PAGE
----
Competition creates empathy and compassion. There’s nothing like a worthy opponent. Last week, Carl Ehrlich, a linebacker and team captain in last year’s defeat of Yale, wrote a very moving piece in The New York Times about Penn captain and linebacker, Owen Thomas, who lost his life to depression. Carl wrote on behalf of a cause—the need, as he put it, for changing the culture around depression and sports. And Carl reflected that “Owen was very much like me. When I go to Franklin Field on Saturday, it will already be the most heartbreaking loss of my athletic career. Football,” he added, “offers structure and discipline to players and builds communities in meaningful ways.” The Penn and Harvard linebackers were part of the same community.
Contests, for all their fierceness and the will to win, create zones of openness and of understanding. When I was at Fenway waiting to throw my pitch, I was escorted to the dugout, where I encountered Dustin Pedroia, who has an amazing career batting average of over 300. He looked up at me—I’m about twice his height—and he said, “Hello, President Faust, I’m Dustin Pedroia, and when I was in college, I had a grade point average of 1.9.” It made me think about how our obligation is to produce not just students who get good grades. You all came to Harvard already equipped for that. But it is our obligation to cultivate citizens of the world with this kind of humility and openness—young people who know how to navigate triumphs and suffering, who know better how to fail at things because they take risks for something they believe in.
Students are hungry for this sense of purpose. In my three plus years as president, I have discovered that they come to college hoping, among other things, to discover the meaning of life. They want to know the nature of justice, and they flock to Michael Sandel’s course on it. When I see them at dinner in their houses or here in Annenberg, they ask me what they should do with their lives, seemingly seeking my permission to think beyond the instrumental—to pose the big questions. Education must come with ethical understanding. It cannot be value-neutral. If we hope to create the best and the brightest, we must understand the best. We need to help our students understand where they want to go, not just how to get there. We must help them to decide, “What do I truly value? How do I want to live my life?” We must deepen our humanity as we enrich our minds. And we must claim back the moral high ground for higher education.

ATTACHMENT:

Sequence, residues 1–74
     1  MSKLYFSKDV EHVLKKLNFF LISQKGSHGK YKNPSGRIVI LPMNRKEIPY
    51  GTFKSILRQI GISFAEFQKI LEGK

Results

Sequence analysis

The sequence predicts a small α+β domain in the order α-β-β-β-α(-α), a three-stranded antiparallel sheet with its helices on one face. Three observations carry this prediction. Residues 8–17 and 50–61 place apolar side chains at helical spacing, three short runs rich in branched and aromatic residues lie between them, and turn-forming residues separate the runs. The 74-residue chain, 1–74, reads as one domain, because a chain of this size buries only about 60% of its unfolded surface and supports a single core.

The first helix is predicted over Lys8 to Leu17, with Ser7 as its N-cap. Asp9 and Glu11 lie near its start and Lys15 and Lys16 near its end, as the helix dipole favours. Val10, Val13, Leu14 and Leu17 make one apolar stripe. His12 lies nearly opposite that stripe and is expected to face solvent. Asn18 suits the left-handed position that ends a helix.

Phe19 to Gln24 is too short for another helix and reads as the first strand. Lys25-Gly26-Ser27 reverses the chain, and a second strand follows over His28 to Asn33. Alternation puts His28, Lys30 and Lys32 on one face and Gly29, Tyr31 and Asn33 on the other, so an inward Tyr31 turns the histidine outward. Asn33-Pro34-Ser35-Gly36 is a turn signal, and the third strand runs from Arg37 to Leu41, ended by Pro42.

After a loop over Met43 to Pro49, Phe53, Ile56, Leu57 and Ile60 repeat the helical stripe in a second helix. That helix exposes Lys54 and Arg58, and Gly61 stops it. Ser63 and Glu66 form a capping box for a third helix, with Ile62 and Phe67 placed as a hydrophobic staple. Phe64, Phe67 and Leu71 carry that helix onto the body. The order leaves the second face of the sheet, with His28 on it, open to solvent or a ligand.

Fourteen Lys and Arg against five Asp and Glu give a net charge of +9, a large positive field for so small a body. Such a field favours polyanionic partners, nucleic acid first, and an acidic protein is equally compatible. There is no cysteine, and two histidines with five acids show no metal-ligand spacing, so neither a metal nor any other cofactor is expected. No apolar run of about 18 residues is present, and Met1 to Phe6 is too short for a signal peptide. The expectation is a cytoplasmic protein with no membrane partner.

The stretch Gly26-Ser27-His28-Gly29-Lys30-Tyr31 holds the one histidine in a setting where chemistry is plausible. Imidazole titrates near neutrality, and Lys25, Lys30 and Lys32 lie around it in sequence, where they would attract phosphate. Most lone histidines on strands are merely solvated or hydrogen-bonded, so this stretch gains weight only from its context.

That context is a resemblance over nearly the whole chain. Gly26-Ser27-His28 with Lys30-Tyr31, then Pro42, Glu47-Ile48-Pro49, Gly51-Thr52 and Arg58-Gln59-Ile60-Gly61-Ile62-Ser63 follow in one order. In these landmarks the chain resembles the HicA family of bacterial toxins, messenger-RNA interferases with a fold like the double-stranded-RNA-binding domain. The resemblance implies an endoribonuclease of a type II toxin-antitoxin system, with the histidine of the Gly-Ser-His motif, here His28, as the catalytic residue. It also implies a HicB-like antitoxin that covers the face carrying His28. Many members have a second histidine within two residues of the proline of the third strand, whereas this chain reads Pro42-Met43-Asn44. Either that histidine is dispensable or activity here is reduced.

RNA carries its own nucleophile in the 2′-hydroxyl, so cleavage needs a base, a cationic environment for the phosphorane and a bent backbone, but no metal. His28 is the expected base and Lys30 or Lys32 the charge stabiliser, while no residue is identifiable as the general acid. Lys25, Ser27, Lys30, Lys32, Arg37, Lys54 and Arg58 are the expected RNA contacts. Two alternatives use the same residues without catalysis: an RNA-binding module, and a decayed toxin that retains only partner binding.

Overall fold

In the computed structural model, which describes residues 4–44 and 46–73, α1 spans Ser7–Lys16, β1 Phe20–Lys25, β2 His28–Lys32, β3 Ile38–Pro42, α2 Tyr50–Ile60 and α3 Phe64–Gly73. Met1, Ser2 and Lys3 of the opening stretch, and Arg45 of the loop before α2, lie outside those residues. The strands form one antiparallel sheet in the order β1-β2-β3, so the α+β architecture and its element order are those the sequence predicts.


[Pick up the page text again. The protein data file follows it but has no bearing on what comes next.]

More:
Student athletics are a vital part of that larger commitment. With your overwhelming generosity and support, we are able to continue that commitment. As our lineman Chris LeRoy put it, “We love the intensity and camaraderie of football. One person cannot win the game.” A few years ago, through the generous efforts of many, at Gate One of Soldiers Field we restored a monument that honors six Harvard alumni who sacrificed their lives in the Civil War. One of them was Robert Gould Shaw. He played football at Harvard, and he died leading the first Union black regiment into battle.
The donor who gave the land for Soldiers Field, Henry Lee Higginson, described these classmates as brilliant, strong, and steadfast. As our Athletic Director, Bob Scalise, said, these Harvard graduates “symbolize the finest values that a school can instill in its students.” Thank you for being here tonight, it’s been a marvelous winning season. And with your endorsement, I grant our football team full permission to instill our finest values into Yale tomorrow. Go Crimson. Thank you very much.
– Drew Gilpin Faust